Capturing Avdiivka is likely to provide a morale boost for Russia ahead of Mr. Putin’s bid for re-election next month, which he is almost certain to win.

It is also seen as another step toward securing Moscow’s hold on the regional centre of Donetsk, about 20 kilometres to the east, held by Russian and pro-Russian forces since 2014.

Neither Russia nor Ukraine have given details of their losses in the war or in the intense battle for Avdiivka. Western intelligence assessments say hundreds of thousands of men on both sides have been either killed or wounded in the war.

Mr. Putin congratulated the Russian commander in charge of the assault on Avdiivka, Colonel-General Andrei Mordvichev.

“Eternal glory to the heroes who fell in fulfilling the tasks of the special military operation!” Mr. Putin said in a telegram.

Ukrainian Defence Minister Rustem Umerov said Avdiivka showed the need for modern air defence systems to counter guided bombs and long-range weapons to destroy enemy formations. He said artillery shells were also needed.

Colonel-General Oleksandr Syrskyi, who took command of the Ukrainian military in a shake-up last week, said Ukrainian forces had moved back to more secure positions outside the town “to avoid encirclement and preserve the lives and health of servicemen.”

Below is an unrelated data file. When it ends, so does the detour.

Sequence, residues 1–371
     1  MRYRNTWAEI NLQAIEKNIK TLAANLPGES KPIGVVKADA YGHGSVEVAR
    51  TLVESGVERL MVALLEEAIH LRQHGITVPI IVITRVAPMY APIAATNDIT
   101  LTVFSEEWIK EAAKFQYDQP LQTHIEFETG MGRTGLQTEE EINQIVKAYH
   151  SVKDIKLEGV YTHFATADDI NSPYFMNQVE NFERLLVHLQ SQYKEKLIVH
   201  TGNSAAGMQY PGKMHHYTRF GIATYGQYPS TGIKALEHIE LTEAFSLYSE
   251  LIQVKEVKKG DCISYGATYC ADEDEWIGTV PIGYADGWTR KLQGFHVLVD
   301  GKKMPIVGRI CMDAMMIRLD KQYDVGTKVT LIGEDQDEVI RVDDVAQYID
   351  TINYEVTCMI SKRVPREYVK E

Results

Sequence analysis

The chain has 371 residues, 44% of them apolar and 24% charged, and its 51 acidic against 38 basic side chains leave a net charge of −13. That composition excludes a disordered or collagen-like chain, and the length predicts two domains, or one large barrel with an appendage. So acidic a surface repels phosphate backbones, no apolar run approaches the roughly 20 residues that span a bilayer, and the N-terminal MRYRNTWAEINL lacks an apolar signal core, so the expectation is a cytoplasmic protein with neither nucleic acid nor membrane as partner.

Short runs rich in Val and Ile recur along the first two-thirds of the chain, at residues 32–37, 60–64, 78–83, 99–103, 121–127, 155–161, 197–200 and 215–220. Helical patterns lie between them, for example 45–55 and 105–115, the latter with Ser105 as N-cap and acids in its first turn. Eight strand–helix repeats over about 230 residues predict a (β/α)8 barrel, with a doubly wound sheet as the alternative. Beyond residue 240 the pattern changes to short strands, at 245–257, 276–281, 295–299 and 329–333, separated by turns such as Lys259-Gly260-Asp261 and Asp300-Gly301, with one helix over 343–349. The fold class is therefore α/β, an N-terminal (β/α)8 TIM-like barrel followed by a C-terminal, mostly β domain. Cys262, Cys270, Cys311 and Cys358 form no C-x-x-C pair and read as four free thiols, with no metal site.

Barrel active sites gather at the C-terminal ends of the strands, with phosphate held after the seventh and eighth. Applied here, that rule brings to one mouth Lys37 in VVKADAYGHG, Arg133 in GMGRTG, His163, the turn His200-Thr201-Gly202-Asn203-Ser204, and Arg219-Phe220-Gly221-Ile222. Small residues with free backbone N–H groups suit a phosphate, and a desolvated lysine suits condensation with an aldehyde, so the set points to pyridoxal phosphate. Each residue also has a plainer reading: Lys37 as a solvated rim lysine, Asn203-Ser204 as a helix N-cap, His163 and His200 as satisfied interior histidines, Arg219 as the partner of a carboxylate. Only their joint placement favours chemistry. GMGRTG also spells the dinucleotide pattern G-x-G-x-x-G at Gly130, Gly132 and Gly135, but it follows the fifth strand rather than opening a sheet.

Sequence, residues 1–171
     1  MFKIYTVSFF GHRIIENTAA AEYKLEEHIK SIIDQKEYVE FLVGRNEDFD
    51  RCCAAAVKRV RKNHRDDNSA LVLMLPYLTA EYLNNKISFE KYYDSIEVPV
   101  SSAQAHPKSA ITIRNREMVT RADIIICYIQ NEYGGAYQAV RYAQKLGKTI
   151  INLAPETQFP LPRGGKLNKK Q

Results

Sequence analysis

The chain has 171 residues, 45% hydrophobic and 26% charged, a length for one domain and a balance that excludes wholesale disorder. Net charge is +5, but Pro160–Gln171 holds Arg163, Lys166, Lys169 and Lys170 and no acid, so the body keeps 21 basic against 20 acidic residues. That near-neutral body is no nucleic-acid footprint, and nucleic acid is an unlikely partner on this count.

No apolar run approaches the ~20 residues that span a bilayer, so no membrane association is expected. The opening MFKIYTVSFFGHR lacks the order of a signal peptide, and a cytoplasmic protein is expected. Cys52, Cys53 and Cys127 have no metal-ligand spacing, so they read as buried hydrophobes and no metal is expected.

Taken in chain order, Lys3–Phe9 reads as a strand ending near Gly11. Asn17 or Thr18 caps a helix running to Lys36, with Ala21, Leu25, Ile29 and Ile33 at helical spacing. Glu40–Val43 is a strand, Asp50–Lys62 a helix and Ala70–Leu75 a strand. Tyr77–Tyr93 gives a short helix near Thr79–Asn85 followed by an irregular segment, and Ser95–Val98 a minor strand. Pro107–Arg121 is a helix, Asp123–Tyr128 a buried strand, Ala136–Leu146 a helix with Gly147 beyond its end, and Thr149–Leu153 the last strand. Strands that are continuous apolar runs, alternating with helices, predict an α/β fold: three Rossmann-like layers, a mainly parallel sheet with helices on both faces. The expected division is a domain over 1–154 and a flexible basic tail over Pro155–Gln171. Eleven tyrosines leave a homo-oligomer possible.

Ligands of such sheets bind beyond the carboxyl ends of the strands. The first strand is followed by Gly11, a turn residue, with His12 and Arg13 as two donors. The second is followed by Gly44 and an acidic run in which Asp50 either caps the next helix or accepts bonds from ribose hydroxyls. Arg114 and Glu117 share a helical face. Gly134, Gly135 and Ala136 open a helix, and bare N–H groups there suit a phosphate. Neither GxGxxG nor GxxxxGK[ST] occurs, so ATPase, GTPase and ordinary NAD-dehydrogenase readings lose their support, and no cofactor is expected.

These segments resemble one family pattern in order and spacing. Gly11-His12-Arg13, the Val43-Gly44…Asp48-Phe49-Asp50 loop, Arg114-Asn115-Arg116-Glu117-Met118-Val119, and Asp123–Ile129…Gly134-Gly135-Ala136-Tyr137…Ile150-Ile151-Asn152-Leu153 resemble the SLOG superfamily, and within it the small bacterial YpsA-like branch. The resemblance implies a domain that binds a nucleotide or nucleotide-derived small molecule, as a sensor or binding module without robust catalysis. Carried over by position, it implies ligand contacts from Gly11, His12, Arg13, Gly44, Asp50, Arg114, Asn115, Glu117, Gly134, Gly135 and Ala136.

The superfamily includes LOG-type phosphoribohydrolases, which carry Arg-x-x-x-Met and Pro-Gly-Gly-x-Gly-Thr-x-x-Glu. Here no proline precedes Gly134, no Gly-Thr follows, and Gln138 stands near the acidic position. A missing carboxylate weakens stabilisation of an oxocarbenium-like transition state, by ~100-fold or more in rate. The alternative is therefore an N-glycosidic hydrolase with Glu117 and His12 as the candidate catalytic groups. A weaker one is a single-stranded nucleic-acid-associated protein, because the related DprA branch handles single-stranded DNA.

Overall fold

Ukraine’s 3rd Assault Brigade, which officials say was deployed to Avdiivka this week, said on Telegram it had pulled back to prepared positions on the outskirts of Avdiivka and evened out the front line.

“At this time, the Russians are not slowing down their assault. We keep holding the line in the area of Avdiivka,” it said.

Separately, Ukrainian forces repelled a Russian offensive on the southern front in the area of Zaporizhzhia, the Ukrainian military said on Sunday.

There was no comment on that yet from the Russian side.